Everything is now driven by a simple command structure- throttle commands and function commands. The throttle controls the servo 0 spot, I’m using a 20A ESC to drive the motors in the U25B. The throttle commands are also used to drive the DCC decoder for the engine sounds. Since this is an HO Economi decoder, it doesn’t have the current output directly. But it does have great sound and I also drive the lights with it.

Why Xbee everyone asks? Because this is true networking. Everyone is on the same network and can speak or be spoken too. True point to multipoint. This opens up all sorts of possibilities for automation, signals, detection blocks and computer control. Something Bluetooth cant’ do. It’s also ‘industrial strength’ in that Digi has been making Xbee modules for many years now. They are FCC approved out of the box and


This is the base design for my new hand-held controller. Along with a new case and display, I’m going to refactor the software to provide a cleaner interface into the clients (locomotives). Right now my ‘phase A’ handheld knows a little too much about the clients, I want a more disconnected sort of protocol. Anyhow, I’ve gotten everything to fit but the graphic interface required some new hardware so that has not been tested (other than a basic smoke test). I’ll need to write the code for that and then port parts of the old handheld code into it. The keyboard, knob and Xbee interface should not have to change much, I just need a calibration step on the kbd and store that into eeprom. I’m going to have a usb interface into this so I can write a tool on the PC to setup the function keys and display.


I picked up a cheap Aristocraft U25B in Chessie paint the other day and have been taking it apart so I can rebuild it. The idea is to get from the toy like unit I have into at least a semi-scaled sort of model. The photo above is the closest prototype image I’ve found to what is depicted with this Aristocraft rendition. So I’m stripping it down to the base parts with the idea to install my control system, batteries and sound. And of course, a bit of paint and detail work- it is a bit cheezy with the cast color parts. Yuck. So anyhow, I’m getting there. Below is an image of the original model. More in a later post.



Yes, I know this is a little weird but I want a knob AND a nice user interface (ala smartphone) to run my trains so I am working on this design. The Knob and underlying circuitry communicate directly with the 802.15.4 network. The phone is just there for the user interface and graphics. Bluetooth is used to communicate between knob/wireless controller and the phone. A custom app runs on the phone. I have the infrastructure working for this, its just a matter of smushing all the components into this small space and refactoring the software a bit. Both the case and the face plate for this were cut on my Probotix X90 3D router.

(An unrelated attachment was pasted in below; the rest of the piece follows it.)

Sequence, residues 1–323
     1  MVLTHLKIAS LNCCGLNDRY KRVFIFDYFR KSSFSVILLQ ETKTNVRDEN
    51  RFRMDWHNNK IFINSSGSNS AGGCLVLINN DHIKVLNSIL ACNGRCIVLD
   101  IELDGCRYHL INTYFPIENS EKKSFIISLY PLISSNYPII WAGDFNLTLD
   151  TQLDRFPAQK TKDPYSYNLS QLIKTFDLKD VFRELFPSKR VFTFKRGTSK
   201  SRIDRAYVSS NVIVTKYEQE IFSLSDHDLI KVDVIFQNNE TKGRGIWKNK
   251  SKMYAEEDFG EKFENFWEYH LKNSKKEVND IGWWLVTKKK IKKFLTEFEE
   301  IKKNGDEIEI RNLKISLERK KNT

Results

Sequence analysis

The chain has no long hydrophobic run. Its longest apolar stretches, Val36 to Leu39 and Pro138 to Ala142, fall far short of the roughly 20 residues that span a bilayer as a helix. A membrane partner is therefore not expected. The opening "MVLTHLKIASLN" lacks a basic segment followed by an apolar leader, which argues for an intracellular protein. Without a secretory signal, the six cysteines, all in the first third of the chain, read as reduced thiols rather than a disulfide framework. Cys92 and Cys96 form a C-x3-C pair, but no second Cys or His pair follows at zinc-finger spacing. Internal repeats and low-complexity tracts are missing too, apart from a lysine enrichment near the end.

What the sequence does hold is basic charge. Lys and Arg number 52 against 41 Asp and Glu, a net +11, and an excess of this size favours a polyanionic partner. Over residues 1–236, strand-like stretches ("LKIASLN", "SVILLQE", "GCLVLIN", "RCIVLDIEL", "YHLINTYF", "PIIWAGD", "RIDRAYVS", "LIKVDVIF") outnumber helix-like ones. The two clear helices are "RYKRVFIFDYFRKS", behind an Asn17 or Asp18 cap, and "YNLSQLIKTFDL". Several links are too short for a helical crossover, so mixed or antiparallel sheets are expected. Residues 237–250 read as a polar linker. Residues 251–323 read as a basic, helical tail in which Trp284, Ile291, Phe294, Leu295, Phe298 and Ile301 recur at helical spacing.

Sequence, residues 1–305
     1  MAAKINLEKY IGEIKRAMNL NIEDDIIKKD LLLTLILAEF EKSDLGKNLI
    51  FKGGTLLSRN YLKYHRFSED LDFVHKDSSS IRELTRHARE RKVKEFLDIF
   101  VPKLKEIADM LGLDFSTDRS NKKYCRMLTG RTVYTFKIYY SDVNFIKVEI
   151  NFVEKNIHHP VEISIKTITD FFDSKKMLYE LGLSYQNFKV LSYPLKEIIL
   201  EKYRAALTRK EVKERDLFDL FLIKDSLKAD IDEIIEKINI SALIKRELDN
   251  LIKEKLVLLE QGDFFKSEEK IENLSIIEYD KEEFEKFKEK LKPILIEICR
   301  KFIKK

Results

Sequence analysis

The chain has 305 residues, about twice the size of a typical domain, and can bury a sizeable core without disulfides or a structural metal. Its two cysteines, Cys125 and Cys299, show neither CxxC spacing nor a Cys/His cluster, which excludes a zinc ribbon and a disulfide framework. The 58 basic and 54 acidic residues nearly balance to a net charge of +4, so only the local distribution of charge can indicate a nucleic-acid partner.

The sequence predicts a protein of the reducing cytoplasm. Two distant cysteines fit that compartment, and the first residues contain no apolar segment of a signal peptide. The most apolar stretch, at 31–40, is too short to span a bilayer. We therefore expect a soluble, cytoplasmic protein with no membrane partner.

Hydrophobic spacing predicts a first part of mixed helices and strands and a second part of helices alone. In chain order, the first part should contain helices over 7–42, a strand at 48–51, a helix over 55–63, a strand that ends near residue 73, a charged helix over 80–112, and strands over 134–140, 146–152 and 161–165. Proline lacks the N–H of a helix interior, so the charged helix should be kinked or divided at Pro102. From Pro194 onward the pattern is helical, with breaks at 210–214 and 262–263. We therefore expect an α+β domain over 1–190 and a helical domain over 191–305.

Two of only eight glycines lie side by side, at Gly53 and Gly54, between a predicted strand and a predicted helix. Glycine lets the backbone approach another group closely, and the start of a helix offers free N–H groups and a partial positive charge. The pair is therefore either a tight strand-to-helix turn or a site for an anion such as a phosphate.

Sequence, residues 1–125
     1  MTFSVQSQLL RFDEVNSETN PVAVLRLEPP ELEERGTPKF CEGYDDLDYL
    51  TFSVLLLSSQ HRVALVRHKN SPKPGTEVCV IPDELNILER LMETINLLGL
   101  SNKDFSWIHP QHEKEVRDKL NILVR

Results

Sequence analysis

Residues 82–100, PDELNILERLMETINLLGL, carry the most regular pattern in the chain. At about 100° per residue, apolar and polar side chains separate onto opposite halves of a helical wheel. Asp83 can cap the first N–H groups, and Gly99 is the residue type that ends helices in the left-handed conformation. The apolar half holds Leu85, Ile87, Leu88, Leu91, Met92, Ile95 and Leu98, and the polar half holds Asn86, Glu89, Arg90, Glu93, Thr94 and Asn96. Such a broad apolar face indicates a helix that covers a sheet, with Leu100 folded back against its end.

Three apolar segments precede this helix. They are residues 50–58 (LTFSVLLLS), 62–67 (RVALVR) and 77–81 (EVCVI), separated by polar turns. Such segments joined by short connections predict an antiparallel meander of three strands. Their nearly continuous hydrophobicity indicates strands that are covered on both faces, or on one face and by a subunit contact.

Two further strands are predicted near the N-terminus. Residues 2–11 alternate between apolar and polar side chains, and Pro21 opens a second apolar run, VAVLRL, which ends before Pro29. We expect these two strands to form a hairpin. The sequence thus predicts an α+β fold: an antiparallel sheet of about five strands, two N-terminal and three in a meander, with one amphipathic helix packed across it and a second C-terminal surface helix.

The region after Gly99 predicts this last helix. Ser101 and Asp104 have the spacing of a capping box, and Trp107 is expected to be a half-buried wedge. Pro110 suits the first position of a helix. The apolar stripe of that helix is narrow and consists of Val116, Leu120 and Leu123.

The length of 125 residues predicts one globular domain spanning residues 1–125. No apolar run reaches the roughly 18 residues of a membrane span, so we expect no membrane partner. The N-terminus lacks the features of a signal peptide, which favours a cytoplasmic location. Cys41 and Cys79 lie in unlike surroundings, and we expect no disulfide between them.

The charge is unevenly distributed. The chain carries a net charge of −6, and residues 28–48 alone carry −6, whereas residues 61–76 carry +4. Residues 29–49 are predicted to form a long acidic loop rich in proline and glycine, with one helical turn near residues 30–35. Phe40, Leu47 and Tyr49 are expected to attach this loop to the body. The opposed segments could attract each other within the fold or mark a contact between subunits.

Today I got my order of printed circuit boards from Bay Area Circuits. I promptly populated them with components and powered them all up to see how they would do. Everything works! Very nice! Next step is to install these into one of my locomotives and replace all the breadboards with something clean and production quality.

Pictured, in order, is the 8Amp DPDT relay module, it’s used to reverse the direction of the locomotive. It can be triggered either with a logic one or zero, say from an Ardunio, or from an R/C signal via your generic radio control system. (The logic version is shown, the R/C version has an additional chip on the board, you can see the outline).

Second is the DCC output module. It is designed to be driven with a logic signal from a micro-controller such as the Ardunio. Logic input in, attach your choice of battery (or other) power to the input terminals and it provides up to 3Amps of DCC encoded power on the outputs.

Below that is the DCC input module, connect this to any DCC device like the MRC Prodigy or NCE DCC units and it converts the high voltage DCC signal down to what a micro-controller or Ardunio needs.

The last one is my Control Widget Node. This device is a micro controller wired to an industrial strength Xbee Series 1 802.15.4 Wireless Network Module. I use this for both my Control and Slave nodes. It allows high speed data delivered in an organized network infrastructure with a range of about 300 ft. I send both proprietary packets and DCC messages over this in real time. This is the latest PCB design.